St.Paul's Anglican Church

 The Epistle – St. Paul's, Middlechurch-- Advent 2012

It has been an eventful few months and with this latest ( and very overdue ) Epistle, we will try to answer the question, “ What is going on at St. Paul's?” As you may know, it was decided that St. Paul's would follow a different path when it came time to commit to a union to one parish with St. Anne's, St. Martin's in the Field and St. Barnabas. That grouping is now known as the Trinity Anglican Ministry with Rev Liz Richens and Rev

Michael Bruce serving as parish priests. It was with sadness that we said goodbye to St. Anne's and Liz Richens at a service and picnic hosted by St. Paul's. Rather than head 'south', St. Paul's looked to a northern neighbour, St. Andrew's on the Red, and entered into an agreement to share a priest with them on a 60 % (St. Andrew's) and a 40 % ( St. Paul's) basis for a three year contract. It should be a good match as both parishes share a historic link, both parishes have cemeteries and both parishes are in rural areas experiencing growth. We are enjoying becoming acquainted with fellow Anglicans from St. Andrew's and the former parish of St. Thomas, Lockport and look forward to sharing services and fellowship 'down the road'.

On September 2nd we welcomed our new priest, Rev. Karen Laldin. She had just arrived from Newfoundland the previous evening but it certainly has not taken her long to get into the swing of things. The Service for the Celebration of New Ministry was held at St. Andrew's on October 9 th. There has also been special services for Harvest Thanksgiving, All Soul's Day and Remembrance Day. We are enjoying getting to know Karen and her husband Edmund, who is the incumbent at All Saints in downtown Winnipeg. Our time of service at St. Paul's continues to be 9:15 am. The service at St. Andrew's on the Red is held at 11:15 am and it takes the form of a youth service on the 4 th Sunday of the month.

Fear less, hope more, eat less, chew more, whine less, breathe more, talk less, say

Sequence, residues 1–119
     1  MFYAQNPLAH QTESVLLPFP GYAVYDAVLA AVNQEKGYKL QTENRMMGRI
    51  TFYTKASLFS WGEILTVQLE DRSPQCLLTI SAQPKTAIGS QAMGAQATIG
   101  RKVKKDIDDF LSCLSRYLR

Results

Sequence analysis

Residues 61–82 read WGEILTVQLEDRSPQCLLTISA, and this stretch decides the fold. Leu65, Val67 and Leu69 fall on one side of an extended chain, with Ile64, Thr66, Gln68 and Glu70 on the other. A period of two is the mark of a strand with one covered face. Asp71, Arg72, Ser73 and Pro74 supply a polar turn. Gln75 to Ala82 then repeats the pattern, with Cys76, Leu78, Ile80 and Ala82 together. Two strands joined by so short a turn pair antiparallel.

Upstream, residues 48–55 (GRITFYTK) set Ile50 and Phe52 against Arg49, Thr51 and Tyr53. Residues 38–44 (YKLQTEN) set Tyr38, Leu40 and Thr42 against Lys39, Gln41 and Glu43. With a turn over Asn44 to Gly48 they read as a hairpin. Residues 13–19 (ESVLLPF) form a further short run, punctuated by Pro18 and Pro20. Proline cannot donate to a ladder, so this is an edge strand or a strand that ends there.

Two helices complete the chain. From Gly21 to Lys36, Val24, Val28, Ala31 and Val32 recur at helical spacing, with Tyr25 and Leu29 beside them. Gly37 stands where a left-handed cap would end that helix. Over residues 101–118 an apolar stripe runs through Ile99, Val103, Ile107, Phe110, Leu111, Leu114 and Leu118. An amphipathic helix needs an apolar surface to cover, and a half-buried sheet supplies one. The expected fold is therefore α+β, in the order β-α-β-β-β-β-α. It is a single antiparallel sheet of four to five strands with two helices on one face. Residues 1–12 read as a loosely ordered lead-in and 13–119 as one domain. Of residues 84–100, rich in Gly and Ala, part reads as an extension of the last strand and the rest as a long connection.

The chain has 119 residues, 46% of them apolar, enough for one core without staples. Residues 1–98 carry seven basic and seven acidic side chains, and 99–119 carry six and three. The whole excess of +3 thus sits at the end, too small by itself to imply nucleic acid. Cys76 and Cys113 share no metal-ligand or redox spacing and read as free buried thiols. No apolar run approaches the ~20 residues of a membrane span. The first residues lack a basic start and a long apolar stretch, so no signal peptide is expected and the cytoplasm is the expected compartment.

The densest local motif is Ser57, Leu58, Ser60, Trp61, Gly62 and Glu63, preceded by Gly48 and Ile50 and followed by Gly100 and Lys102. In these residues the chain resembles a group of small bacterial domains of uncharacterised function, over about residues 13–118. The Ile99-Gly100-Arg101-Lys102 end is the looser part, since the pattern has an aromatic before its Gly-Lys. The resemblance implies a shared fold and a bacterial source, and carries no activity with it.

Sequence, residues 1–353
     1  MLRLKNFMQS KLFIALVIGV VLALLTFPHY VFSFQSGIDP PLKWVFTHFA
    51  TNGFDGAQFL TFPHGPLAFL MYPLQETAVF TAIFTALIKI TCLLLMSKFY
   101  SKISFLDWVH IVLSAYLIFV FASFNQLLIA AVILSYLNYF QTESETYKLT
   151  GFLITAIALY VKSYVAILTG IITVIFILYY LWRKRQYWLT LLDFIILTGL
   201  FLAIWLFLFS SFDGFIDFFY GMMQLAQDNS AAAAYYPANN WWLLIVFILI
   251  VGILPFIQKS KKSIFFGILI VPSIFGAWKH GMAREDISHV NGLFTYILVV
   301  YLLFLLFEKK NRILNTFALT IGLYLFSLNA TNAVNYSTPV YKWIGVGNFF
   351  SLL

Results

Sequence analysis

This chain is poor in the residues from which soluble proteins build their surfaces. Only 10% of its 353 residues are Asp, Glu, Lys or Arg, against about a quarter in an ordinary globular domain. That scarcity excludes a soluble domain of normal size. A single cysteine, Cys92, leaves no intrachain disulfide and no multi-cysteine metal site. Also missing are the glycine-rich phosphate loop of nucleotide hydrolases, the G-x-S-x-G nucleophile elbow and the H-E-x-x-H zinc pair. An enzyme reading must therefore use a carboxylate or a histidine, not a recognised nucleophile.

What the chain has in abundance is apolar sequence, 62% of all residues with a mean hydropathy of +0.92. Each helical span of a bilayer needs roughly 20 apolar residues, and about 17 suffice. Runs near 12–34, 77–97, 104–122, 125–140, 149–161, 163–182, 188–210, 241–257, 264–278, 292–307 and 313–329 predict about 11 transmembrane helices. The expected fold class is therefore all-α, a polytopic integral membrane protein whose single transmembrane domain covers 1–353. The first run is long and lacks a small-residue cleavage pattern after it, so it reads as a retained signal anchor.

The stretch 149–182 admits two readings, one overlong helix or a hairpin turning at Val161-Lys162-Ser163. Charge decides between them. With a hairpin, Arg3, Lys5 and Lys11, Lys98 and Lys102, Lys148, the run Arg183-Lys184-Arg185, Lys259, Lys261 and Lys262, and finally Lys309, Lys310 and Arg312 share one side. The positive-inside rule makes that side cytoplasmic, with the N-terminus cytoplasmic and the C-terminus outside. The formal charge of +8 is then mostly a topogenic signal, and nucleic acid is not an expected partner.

more, hate less, love more and good things will be yours.  Swedish Proverb

In entering this new partnership, St. Paul's has taken a leap of faith. It will be a financial challenge to meet this commitment unless we are prepared to put every effort forward. We have an experienced priest who has the skills and resources to help us reach out to the community. We can sit and stagnate or commit to the future.

Dear God, In Sunday School they told us what You do. Who does it when you are on

vacation? Love, Jane

The children continue to enjoy Sunday School under the leadership of Norman Koe. Norm would welcome any assistance as former teacher, Amy Eisner, is now enjoying her recent retirement and the freedom to travel. Norm is preparing for the annual Christmas party with the Sunday School and the Brownies who meet at the church. The party will take place on Friday December 7 th from 6:00 to 8:00 pm. Norm says: At the beginning of the service, Karen shares a children's homily with them. This is followed by a children's hymn. Then the children go downstairs for their lesson. We have 11 children registered in the Sunday School. We average 4 to 5 children every Sunday. I base the lesson on The Whole People of God Curriculum. The children are involved in the lesson by acting out various parts. By taking an active part in the lesson, they have a sense of ownership and there is less distraction. They also do a craft that is relevant to the lesson. This gives them a better insight on the lesson. The children also help out in the service by taking the offering.

Thatch your roof before rainy weather; dig your well before you become parched with

thirst. Chinese proverb